– Elisabeth Sauvage-Callaghan
As I am preparing to retire after some 30 years of having taught French at the college level (that is, if I count my years as a Teaching Assistant and Teaching Fellow at Pitt), I occasionally ponder over what is the most successful teaching strategy that I have used to make my teaching of the French language more effective.
And I always come back to task-based instruction. Well, you may ask, what is that?
Task-based language teaching relies on classroom activities that require students to complete meaningful, real-world tasks using the target language. More focus is given to the successful completion of the task, rather than to linguistic accuracy. A task-based activity would, for example, consist in deciding with a friend on a movie to go and see together. The completion of this task would require:
- comparing schedules to decide on a day and time to go see the movie.
- finding a movie that is suitable to both partners by looking at online movie sites, and
- “negotiating” each other’s preferences so as to come to a consensus.
Task-based activities are wonderful, because they allow students to use the target language as a means to a meaningful end. As such, they foster language acquisition.
As stated by Glisan and Shrum (2016), their pedagogical value transcends that of mere “mechanical drills and exercises that have limited value in contributing to language acquisition and in developing communicative abilities” (p. 233). This makes sense as studies on aphasia indicate that structure drill and repetition are not processed in the same part of the brain as communicative language production (R. Donato, Personal communication, cf. National Institute on Deafness and Other Communication Disorders, 2017).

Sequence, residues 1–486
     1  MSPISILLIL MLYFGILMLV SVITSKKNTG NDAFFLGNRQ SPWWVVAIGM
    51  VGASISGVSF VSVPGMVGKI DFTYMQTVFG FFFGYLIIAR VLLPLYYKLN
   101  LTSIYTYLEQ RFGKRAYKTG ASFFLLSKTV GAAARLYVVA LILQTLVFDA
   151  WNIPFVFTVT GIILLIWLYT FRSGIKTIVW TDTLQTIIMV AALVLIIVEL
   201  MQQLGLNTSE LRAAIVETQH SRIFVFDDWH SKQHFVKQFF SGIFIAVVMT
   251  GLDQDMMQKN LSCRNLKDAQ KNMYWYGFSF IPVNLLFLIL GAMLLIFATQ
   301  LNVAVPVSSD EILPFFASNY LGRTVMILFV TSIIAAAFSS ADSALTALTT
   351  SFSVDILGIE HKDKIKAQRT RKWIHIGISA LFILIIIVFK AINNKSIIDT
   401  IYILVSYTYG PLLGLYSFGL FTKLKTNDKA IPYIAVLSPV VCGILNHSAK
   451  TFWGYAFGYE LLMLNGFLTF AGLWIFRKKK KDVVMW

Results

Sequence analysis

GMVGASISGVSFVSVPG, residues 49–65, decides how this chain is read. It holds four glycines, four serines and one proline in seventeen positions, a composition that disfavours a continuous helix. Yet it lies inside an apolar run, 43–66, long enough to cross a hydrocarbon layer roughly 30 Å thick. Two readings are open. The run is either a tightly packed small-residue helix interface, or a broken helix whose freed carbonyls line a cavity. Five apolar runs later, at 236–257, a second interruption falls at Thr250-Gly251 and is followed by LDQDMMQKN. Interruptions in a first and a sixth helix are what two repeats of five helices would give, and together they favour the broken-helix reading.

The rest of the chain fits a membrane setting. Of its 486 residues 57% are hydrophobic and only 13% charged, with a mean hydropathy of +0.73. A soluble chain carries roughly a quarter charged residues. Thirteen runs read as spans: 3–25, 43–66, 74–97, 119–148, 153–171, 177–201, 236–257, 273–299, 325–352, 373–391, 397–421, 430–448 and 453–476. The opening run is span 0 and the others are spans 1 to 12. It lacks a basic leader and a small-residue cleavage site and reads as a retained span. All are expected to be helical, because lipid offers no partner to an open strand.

I will discuss here two task-based activities that I have used in my French classes:
- Selecting two roommates.
- Producing a cooking video.
Project 1. Choosing Roommates.
This project – which I have implemented as a “getting acquainted” activity in my French conversation classes, as well as in the Advanced French Grammar class that I teach for the Pitt in Nantes program – includes two tasks:
- Students produce a PowerPoint presentation in which they introduce themselves and set parameters concerning potential roommates.
- Students review all of their peers’ presentations, select two roommates, and produce a video in which they state and explain their choices.
Detailed directions for Task 1 are provided to students on D2L, and discussed in class. I also provide students with a model for the PowerPoint presentation, which gives them a realistic template for their own “introduction” and explanation of what they are looking for (and want to avoid) in a roommate. See Figure 1.
An important part of this process is my review of this model in class, during which I call their attention to its organization (components), to its linguistic features (vocabulary, grammar), and rhetorical devices (expository devices, use of humor, etc.). This is referred to by some experts on modeling as the “critical framing” of one’s model. Note that students do not “copy” the model. They TRANSFORM it – i.e., they use the tools provided to them in the model to create their own project. See Figure 2.
Students find a model useful in this first assignment. Here are two students’ reflections on their work:
I used the PowerPoint that you provided as a template for my presentation. I just used the titles, like everyone else did, and added my own personal information and pictures.
In order to produce my PowerPoint presentation, I followed your model. I used the same titles as you did for my slides as a guideline. […] While I was reading everyone else’s presentations, I saw many things that I wish I could have written on mine.